Tips for Administering Formal (Standardized) Assessments

This information can be helpful to you as a workforce professional.

  • Select the test carefully based on its intended purpose and audience.
  • Be sure you have the proper credentials and have been trained to administer the test.
  • Ask an experienced test administrator to observe you when administering a test for the first time or two.
  • Develop a checklist to ensure that all required materials and supplies are assembled and ready for the testing session.
  • Be sure that the test site is clean and well lighted, and that distractions for test-takers are minimized.
  • Do not deviate from test administration instructions or the results may be invalid.
  • Ensure that accommodations or alternate formats for English Language Learners are approved by the test publisher.
  • Observe the test-takers during the test to be certain that they are not experiencing any difficulties.
  • Have a contingency plan in place to handle unexpected events (e.g. a sick test-taker) in order to eliminate or minimize disruptions to the test.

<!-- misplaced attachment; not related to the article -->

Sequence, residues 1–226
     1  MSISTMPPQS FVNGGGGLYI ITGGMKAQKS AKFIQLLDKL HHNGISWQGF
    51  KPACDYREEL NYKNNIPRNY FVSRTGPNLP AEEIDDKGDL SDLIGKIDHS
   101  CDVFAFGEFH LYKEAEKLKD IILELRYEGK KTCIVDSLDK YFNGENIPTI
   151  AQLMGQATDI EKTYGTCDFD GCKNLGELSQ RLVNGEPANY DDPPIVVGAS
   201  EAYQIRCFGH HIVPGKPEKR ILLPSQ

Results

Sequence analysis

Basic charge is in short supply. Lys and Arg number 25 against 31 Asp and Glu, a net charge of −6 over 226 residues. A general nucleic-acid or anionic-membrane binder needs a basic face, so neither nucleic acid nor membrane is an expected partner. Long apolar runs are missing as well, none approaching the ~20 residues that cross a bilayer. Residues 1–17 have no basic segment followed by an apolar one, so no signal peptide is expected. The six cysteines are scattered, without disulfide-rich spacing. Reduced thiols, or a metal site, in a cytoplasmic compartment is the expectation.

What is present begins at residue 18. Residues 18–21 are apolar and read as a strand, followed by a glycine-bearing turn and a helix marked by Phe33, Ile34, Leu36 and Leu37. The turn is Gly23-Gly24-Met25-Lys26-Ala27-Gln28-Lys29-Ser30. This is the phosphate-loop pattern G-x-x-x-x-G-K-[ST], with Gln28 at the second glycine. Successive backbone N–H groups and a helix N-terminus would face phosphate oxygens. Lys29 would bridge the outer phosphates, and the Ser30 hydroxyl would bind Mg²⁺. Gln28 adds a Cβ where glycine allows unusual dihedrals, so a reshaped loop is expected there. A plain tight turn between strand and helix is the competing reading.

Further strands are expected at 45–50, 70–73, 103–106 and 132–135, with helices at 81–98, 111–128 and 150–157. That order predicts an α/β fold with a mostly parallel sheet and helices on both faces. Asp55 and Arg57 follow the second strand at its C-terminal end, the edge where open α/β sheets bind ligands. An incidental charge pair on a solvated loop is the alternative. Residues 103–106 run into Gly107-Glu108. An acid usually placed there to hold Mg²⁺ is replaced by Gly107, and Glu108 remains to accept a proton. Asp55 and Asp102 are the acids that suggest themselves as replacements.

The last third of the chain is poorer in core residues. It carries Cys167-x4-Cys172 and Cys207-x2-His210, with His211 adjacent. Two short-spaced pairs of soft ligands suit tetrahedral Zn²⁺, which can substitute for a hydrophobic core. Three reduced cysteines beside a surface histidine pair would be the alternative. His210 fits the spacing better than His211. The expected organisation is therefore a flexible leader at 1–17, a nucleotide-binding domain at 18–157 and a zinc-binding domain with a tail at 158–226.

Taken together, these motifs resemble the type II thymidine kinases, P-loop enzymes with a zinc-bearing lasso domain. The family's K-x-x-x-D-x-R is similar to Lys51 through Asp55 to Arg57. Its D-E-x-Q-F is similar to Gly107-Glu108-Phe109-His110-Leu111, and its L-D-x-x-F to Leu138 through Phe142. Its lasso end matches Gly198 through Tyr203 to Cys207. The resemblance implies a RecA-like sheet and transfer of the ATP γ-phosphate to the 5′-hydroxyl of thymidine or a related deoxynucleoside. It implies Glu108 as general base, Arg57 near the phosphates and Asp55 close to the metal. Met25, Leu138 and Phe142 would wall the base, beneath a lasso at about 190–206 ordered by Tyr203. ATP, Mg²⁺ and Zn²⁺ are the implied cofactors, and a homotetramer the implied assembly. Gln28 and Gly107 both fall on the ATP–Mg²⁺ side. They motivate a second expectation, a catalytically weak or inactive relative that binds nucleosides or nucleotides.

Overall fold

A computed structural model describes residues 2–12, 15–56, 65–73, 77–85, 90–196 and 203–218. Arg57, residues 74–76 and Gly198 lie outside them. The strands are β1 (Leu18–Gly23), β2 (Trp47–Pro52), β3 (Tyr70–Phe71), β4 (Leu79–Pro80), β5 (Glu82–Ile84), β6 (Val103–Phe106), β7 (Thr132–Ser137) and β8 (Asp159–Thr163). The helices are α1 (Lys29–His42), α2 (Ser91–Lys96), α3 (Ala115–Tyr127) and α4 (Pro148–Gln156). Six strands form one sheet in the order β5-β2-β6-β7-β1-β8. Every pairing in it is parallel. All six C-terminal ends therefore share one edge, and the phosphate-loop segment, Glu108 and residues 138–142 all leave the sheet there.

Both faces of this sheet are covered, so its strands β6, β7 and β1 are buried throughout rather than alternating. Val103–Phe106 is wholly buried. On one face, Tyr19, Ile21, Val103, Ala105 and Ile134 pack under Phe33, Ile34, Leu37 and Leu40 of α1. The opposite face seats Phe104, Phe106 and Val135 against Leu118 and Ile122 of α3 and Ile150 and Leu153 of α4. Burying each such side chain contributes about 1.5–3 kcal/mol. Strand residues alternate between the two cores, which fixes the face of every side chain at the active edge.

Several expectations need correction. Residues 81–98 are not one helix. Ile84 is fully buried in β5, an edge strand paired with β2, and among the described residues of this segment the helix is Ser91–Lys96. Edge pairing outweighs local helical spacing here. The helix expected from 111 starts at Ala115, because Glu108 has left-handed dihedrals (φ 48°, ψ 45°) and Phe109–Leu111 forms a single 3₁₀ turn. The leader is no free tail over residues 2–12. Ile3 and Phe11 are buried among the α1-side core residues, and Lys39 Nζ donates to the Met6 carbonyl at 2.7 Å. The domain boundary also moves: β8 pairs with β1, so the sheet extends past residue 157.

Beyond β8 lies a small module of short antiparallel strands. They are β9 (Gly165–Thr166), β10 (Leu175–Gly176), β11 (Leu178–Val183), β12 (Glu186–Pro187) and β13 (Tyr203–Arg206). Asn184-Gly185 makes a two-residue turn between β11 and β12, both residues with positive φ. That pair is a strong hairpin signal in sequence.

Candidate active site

• Store test materials in a secure location when they are not being used.

Tips for Administering Informal Assessments

Unstructured environments are often used for informal assessments, but care is needed in selecting the assessment to ensure it is appropriate to the intended purpose and audience. “Fun” assessments that have not been validated, such as on-line career interest inventories or personality quizzes, may be used to focus young people’s attention on a topic. Information gathered from informal assessments may be used to refer students for formal assessments. Information gleaned from informal assessments should be incorporated into the decision-making process but should not drive the process.

Cultural Considerations in Assessment

Because many education and youth development programs are serving a growing number of young people from culturally diverse backgrounds, it is important to develop a cultural diversity plan. The plan should consider the following:

  • Recruiting youth services practitioners who reflect the cultural diversity of youth populations served;
  • Ensuring that professionals and hired consultants providing youth assessment testing are culturally and linguistically competent; and
  • Ensuring that all testing instruments, strategies, and methods selected for assessment purposes are valid and reliable for all youth populations served.

Accommodations for Youth with Disabilities